Even if you’ve never exercised in your life, there’s no reason not to start now. Exercise becomes especially important once you reach the age of 50 since that tends to be when we become more susceptible to illness, chronic diseases and depression. Being active and exercising regularly can actually help you fight the effects of aging. Here’s how:
Curtailing chronic disease
Diabetes and cardiovascular diseases are two of the biggest killers in America for women over the age of 50. They also happen to be hugely related to lifestyle. That means that by committing to exercising and eating a healthful diet, you can fend them off or even reverse them if you’ve already been affected. There are also certain types of cancer you may be able to avoid by exercising. Most doctors recommend 30 minutes of cardiovascular exercise per day at least five days per week.
Improving mental health
Aging can play a big part in your mental health, especially as your nest empties, loved ones pass away and you find yourself without all the distractions, constant human interaction and busywork you once had. Surprisingly, retirement even tends to send people into depression as they attempt to figure out how to spend their free time meaningfully. But working out releases happy endorphins -chemicals released in the body that trigger positive feelings- and helps you stay relaxed by giving you an outlet for tension and stress, making it an excellent way to combat the blues.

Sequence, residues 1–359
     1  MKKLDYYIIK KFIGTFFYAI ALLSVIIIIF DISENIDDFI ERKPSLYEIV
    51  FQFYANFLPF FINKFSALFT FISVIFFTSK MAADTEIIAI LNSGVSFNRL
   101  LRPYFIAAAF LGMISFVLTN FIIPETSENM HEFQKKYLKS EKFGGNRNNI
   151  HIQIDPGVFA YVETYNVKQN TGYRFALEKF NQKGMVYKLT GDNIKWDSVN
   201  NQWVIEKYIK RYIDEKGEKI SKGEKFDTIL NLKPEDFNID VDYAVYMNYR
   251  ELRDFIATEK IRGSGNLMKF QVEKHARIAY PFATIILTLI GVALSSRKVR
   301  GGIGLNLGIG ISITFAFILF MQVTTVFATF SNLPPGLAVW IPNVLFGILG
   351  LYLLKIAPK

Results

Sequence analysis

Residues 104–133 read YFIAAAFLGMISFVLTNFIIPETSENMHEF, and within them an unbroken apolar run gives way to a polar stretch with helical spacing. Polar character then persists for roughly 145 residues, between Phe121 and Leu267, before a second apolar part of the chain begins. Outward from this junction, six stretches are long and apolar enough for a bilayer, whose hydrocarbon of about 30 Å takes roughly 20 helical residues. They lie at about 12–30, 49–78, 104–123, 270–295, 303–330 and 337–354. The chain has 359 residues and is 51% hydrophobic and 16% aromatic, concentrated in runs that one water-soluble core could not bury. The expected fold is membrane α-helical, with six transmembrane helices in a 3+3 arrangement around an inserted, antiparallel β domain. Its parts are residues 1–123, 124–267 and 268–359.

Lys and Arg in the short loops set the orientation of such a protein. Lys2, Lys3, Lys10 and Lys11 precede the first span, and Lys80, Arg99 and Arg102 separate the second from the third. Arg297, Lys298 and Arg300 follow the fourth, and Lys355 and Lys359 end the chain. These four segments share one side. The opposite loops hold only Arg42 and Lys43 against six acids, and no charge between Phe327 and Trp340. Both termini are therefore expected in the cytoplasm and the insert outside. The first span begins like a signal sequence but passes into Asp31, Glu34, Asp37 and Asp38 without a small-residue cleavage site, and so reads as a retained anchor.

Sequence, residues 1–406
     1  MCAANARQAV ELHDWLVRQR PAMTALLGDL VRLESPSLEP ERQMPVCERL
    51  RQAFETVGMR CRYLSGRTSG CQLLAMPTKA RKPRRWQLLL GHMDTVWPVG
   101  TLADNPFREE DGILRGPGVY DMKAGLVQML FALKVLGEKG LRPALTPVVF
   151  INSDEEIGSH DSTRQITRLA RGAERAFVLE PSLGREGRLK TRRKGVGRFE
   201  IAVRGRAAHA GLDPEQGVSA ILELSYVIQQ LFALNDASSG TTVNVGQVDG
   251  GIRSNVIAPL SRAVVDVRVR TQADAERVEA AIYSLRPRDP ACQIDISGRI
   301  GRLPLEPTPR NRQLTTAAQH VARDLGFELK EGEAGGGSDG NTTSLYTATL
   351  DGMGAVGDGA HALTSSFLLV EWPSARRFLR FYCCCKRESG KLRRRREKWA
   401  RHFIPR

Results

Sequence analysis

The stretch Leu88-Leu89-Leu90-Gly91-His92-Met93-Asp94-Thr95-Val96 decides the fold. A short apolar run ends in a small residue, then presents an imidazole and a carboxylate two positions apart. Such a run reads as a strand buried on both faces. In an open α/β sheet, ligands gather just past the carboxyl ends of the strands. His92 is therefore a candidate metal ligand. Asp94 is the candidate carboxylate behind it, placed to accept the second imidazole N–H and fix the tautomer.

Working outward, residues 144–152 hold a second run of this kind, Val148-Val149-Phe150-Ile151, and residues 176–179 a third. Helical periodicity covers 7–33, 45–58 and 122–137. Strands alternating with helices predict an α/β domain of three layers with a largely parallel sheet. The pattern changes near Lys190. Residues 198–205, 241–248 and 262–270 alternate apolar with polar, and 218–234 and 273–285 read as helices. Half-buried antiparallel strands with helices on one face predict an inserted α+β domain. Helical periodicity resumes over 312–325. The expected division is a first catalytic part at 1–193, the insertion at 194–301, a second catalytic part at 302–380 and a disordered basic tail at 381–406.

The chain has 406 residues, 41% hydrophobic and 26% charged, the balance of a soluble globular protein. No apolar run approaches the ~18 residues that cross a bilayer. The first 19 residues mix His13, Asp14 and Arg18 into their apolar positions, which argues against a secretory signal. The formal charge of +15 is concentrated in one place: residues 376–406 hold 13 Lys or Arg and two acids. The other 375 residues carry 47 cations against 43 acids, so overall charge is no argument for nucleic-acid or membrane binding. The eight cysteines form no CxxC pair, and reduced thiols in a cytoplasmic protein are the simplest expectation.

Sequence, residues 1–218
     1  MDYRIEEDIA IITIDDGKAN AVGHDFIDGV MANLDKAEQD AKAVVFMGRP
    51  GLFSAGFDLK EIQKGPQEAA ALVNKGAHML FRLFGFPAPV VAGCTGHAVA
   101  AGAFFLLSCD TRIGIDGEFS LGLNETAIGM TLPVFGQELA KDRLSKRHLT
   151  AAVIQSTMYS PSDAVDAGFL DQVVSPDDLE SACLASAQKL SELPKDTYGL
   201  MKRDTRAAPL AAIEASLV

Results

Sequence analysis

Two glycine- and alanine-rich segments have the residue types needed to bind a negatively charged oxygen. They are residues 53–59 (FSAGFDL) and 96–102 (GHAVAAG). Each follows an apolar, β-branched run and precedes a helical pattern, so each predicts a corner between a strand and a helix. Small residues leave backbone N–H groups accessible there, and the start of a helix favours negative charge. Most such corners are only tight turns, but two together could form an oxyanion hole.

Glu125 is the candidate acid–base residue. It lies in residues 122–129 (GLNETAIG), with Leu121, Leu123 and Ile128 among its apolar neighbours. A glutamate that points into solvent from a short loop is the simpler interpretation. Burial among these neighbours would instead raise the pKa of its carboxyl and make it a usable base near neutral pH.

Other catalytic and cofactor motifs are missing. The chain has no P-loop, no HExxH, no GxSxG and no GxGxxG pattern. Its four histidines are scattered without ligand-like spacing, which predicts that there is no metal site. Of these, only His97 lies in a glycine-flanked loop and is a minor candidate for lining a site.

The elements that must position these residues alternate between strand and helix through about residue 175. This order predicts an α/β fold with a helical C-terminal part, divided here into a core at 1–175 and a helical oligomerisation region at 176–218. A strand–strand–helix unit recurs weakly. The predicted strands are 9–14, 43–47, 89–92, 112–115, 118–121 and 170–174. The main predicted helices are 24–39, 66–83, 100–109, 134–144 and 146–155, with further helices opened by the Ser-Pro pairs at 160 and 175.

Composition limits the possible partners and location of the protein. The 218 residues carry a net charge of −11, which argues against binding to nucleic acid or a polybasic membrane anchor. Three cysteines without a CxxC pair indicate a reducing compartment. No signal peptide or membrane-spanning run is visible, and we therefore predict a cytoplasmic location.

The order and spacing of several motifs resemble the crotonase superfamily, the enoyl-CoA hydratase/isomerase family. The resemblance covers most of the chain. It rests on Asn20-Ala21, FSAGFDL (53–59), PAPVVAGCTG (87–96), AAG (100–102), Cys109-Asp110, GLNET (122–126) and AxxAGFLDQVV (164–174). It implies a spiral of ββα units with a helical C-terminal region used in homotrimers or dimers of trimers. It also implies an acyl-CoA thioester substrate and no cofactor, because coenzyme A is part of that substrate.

Also Read: The mental and emotional benefits of dancing
Bettering your bones
Exercise improves bone density making it essential for both preventing and treating osteoporosis. Plus, the more fit you are the better balance, strength and coordination you’ll have, making you less likely to suffer from falls that could cause broken bones and other bone-weakening injuries. Strength training such as lifting weights, is your best bet for healthy bones as they force you to work against gravity which in turn strengthens your bones. Though beneficial for your heart, exercises such as swimming and cycling won’t do much for your bones.
Enhancing quality of life
On top of the more tangible health benefits, or perhaps because of them, exercising regularly has the major benefit of vastly improving quality of life. You’ll be happier, healthier, more confident and less stressed. It’s a fantastic hobby that will keep both your mind and body active and strong. It may even have social benefits if you choose to enlist a workout buddy, join an exercise group or take group fitness classes at your local gym.
Editor’s Note: Be sure to consult with your physician before starting any exercise program, especially if you have a pre-existing condition or any health concerns.